But you should also wait to travel if you have health and safety concerns. If you're immunocompromised, this might not be the time to think about a New Year's getaway. And if you do, make sure you have a travel insurance policy to cover you.
Expert advice for traveling during the holidays
There's no one-size-fits-all advice for making your holiday plans. But timing is important. For certain parts of the trip, you'll want to jump on any deal you find now. For others, it may be too soon.
Analysis by ARC, which handles airline ticket settlements, suggests the best time to book a ticket is September. It found passengers are waiting until closer to their travel dates to book. Before the pandemic, people booked their holiday travel 49 days out. That number shrank to 40 days in 2020 and 42 days in 2021.
"We're not seeing any meaningful trends of people buying tickets earlier for holiday travel this year," said Chuck Thackston, ARC's managing director of data science and research.
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Research by Expedia shows the typical sweet spot for booking is about 30 days in advance for domestic travel and 90 to 120 days for international trips. Expedia's data suggests prices tend to be higher when you're more than 60 days from travel for domestic flights.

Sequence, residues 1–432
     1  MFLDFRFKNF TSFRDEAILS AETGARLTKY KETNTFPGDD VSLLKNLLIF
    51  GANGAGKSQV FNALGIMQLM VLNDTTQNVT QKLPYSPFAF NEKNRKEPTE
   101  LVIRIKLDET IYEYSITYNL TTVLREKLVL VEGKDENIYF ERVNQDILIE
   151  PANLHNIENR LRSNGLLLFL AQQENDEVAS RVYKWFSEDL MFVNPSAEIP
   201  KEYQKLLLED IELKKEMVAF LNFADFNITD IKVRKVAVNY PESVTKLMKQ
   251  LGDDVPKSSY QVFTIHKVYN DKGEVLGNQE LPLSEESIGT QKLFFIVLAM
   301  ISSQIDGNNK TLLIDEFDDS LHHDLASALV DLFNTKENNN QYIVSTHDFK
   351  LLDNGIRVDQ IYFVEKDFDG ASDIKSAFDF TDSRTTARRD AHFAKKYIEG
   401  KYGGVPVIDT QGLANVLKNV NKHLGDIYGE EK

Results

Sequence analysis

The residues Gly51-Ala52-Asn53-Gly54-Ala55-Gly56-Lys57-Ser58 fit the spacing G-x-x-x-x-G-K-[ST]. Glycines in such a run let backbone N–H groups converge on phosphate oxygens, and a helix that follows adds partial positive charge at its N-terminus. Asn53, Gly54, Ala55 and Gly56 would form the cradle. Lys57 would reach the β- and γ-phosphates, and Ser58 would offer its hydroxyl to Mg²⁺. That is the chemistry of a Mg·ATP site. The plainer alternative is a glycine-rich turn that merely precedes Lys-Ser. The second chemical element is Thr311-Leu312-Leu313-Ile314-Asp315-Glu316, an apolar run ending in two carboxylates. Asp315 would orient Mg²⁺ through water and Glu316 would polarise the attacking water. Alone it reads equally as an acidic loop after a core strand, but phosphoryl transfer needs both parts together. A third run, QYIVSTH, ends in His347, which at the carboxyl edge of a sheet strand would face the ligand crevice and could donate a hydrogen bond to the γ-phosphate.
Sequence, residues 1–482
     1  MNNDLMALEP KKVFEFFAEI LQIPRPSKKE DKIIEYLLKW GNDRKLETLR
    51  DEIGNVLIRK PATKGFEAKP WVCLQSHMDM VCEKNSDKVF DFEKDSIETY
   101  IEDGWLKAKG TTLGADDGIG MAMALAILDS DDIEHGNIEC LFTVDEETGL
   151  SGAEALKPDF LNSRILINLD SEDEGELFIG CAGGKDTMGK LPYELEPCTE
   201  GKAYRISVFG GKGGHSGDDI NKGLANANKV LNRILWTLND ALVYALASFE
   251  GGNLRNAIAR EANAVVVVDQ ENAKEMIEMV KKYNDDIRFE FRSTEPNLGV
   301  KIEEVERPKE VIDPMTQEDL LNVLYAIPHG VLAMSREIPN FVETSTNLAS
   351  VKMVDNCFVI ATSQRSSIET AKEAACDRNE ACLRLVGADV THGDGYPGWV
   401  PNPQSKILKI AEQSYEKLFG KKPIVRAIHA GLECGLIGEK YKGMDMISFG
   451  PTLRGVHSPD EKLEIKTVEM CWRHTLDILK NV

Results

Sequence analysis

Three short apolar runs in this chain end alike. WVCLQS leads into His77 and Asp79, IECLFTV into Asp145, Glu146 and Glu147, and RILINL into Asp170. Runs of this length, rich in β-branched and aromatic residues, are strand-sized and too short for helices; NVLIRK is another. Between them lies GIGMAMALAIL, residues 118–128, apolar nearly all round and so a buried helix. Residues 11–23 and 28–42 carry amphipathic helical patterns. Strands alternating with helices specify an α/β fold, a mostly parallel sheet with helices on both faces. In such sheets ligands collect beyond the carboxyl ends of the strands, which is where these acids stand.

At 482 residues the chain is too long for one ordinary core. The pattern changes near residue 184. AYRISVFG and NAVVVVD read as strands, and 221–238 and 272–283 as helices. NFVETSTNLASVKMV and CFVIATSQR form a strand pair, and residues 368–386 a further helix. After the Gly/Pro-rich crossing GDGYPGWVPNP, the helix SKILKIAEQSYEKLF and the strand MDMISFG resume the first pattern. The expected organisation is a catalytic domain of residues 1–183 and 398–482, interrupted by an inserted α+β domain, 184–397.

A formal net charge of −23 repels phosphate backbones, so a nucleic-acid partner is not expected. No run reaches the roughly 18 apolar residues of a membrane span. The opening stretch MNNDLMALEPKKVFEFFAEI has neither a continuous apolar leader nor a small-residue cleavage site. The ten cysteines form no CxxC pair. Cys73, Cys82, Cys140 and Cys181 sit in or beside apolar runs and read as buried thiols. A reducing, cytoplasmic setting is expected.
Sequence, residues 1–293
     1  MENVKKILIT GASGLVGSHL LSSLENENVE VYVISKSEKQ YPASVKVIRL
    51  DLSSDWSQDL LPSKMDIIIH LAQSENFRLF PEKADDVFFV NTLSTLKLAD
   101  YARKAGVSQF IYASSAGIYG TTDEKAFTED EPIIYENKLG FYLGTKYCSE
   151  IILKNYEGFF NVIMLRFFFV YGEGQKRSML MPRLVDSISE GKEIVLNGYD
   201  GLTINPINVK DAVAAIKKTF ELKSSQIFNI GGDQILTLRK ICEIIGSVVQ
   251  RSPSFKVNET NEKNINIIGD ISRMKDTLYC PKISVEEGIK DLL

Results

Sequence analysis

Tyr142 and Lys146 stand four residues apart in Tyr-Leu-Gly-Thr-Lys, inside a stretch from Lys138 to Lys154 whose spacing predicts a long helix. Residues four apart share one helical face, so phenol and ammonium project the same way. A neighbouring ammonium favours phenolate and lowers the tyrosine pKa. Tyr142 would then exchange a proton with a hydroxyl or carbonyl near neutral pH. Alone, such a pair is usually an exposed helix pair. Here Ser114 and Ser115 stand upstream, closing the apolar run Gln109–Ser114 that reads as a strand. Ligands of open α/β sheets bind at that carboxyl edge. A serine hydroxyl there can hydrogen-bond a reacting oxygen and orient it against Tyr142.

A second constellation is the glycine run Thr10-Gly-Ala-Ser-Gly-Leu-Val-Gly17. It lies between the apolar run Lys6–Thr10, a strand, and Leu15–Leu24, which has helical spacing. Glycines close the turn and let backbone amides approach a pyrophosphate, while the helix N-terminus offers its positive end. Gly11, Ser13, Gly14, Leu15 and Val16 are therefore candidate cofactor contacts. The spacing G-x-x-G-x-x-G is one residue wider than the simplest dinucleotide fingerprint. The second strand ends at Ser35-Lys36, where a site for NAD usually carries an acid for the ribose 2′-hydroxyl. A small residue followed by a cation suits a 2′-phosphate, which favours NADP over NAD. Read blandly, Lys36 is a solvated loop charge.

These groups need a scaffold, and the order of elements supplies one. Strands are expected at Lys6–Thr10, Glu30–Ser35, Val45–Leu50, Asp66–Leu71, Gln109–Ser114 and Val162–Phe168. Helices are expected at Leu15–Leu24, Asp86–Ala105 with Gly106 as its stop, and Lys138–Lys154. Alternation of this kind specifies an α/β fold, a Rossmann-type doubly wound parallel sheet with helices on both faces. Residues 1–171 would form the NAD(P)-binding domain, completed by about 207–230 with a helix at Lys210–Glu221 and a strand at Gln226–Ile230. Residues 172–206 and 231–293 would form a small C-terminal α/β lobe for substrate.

But for hotels – especially popular resorts – you might have a tighter deadline. Some resorts are already sold out for the busy Christmas and New Year's weeks.
"If you are starting to plan holiday travel now, it's already too late," said Stephanie Goldberg-Glazer, owner of Live Well, Travel Often, a boutique travel agency.
In other words, this isn't the holiday travel season to procrastinate. Start thinking about your holiday trip now, unless you just want to be home for Christmas.
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What has changed for 2022 holiday travel
► Minimum stays: Many resorts are imposing minimum stays for their guests during busy holiday periods. "Our clients are surprised by these," said Kate Johnson, owner of KJ Travel in Houston. She has seen minimum-stay requirements of five to seven nights and sometimes as high as 10 nights during the peak holiday season. Also, some hotels have 90-day cancellation windows during that period. In other words, their rates are more or less nonrefundable.
► Changeable schedules: I've heard from several readers who say their carefully planned holiday vacations are already in peril because of airline cancellations. Experts say you need to be extra flexible this holiday season. "Choose the type of holiday that you want, such as a ski trip or tropical vacation, and be flexible with the destination rather than setting your heart on a specific one," advised Lauren Gumport, a vice president at Faye Travel Insurance. "That way, you can choose what fits your budget."
► Inflation: Prices have been rising across the board. The prices of activities, restaurant meals and tours are all going up as inflation spreads within the travel industry. "Don't forget to align your maximum budget with your destination of choice," advises Oluwaseyi Aladeselu, travel adviser with tmd Escapes, a luxury travel agency. Failing to do so will stress you out on your holidays, and that's no fun.
This article originally appeared on USA TODAY: Travel prices are only increasing around the holidays. Book now.